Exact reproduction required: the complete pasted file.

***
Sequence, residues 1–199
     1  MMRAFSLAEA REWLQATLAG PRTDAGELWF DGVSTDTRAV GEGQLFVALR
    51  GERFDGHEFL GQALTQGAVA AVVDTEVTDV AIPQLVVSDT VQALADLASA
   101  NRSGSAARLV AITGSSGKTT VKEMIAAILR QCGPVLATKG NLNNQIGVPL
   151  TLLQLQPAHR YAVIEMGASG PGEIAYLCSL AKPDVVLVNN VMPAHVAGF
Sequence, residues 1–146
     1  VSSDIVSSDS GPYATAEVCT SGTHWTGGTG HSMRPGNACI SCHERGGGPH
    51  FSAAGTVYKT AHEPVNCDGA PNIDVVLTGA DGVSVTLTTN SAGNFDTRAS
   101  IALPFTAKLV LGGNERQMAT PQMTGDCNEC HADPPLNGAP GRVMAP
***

Sequence, residues 1–199
     1  MMRAFSLAEA REWLQATLAG PRTDAGELWF DGVSTDTRAV GEGQLFVALR
    51  GERFDGHEFL GQALTQGAVA AVVDTEVTDV AIPQLVVSDT VQALADLASA
   101  NRSGSAARLV AITGSSGKTT VKEMIAAILR QCGPVLATKG NLNNQIGVPL
   151  TLLQLQPAHR YAVIEMGASG PGEIAYLCSL AKPDVVLVNN VMPAHVAGF
Sequence, residues 1–146
     1  VSSDIVSSDS GPYATAEVCT SGTHWTGGTG HSMRPGNACI SCHERGGGPH
    51  FSAAGTVYKT AHEPVNCDGA PNIDVVLTGA DGVSVTLTTN SAGNFDTRAS
   101  IALPFTAKLV LGGNERQMAT PQMTGDCNEC HADPPLNGAP GRVMAP